Laparoscopy is a procedure to evaluate the inside of the abdomen using a thin (3-10mm) telescope type instrument called the laparoscope. It is inserted through a sleeve type instrument called the trocar inside the umbilicus (navel). It can also be inserted on the left upper part of the abdomen just below the rib cage. This procedure is done under general anesthesia in the operating suite and CO2 gas is used to distend the abdomen for the procedure. Additional small (0.5 – 1cm) incisions may be necessary in the lower part of the abdomen to introduce instruments for operative laparoscopic procedures.
The laparoscope is connected to a camera system and the inside of the abdomen can be clearly visualized on the monitor (similar to hysteroscopy). Surgery can be done through these small ports (trocars) using special instruments and the patients are generally discharged home the same day. Benefits of laparoscopy include shorter recovery time, less pain medications and smaller incisions compared to laparotomy (open abdominal surgery).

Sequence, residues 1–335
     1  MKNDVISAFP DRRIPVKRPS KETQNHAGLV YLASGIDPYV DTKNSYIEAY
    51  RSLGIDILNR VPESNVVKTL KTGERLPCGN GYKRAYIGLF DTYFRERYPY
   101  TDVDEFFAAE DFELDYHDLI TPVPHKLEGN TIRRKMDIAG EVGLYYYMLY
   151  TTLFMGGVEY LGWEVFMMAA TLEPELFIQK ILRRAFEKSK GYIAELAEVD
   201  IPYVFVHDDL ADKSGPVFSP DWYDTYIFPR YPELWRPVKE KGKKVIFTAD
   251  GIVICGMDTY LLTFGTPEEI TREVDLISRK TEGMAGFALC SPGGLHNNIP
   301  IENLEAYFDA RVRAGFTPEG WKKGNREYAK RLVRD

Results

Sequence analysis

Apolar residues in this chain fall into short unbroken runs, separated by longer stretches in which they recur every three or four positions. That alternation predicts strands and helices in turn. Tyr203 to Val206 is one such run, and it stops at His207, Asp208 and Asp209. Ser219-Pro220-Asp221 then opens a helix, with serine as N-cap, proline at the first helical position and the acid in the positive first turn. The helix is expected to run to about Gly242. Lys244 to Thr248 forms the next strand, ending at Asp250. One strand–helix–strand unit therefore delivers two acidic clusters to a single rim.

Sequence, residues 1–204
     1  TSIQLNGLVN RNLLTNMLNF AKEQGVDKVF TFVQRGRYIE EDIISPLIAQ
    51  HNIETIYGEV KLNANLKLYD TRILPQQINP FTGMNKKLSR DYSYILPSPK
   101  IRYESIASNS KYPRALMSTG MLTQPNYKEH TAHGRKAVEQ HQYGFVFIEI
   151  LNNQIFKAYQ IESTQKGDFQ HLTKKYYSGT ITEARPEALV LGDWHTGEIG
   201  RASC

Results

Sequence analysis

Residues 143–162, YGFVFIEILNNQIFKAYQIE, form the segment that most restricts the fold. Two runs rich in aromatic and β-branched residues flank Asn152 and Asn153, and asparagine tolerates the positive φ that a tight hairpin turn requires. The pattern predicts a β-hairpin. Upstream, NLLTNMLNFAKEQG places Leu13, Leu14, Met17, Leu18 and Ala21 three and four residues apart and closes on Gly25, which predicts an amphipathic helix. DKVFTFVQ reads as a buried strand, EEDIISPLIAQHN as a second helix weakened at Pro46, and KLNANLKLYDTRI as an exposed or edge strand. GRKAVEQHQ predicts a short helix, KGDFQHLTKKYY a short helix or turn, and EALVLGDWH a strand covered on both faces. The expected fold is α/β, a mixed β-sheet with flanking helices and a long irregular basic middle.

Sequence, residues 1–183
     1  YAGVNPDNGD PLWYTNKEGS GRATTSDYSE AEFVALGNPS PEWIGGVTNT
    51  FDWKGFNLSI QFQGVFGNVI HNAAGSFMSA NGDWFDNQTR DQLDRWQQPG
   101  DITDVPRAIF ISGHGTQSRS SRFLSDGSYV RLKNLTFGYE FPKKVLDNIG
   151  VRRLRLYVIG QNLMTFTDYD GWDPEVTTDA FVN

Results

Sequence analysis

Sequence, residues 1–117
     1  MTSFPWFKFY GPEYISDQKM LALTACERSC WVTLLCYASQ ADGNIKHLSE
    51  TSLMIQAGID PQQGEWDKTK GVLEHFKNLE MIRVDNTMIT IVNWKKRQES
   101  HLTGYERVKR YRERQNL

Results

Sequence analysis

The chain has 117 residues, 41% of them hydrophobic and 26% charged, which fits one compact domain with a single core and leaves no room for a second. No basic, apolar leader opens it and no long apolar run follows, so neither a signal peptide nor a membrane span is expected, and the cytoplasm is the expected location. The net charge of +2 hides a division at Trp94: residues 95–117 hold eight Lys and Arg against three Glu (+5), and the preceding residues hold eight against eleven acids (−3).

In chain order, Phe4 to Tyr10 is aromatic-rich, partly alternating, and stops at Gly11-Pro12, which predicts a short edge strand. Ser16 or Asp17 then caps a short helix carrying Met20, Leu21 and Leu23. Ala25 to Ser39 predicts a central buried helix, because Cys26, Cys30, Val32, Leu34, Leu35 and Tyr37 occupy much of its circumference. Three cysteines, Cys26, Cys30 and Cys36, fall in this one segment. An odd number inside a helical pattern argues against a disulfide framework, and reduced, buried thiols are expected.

Some of the gynecologic indications for laparoscopy include pelvic pain, blocked fallopian tubes, abnormal or excessive bleeding, pelvic or intrauterine adhesions (scar tissue), ovarian cysts, tubal disease, ectopic pregnancy, endometriosis, hydrosalpinx (fluid filled tube), tubal ligation and infertility. Laparoscopy is a relatively safe procedure with some risks that include bleeding, infection, injury to bladder, bowel, blood vessels, conversion to open surgery and anesthesia related risks.
Laparoscopy is now the preferred surgical approach for removal of cysts from the ovaries, treatment of endometriosis, tubal disease, hydrosalpinx, removal of scar tissue, tubal ligation and for almost all diagnostic procedures.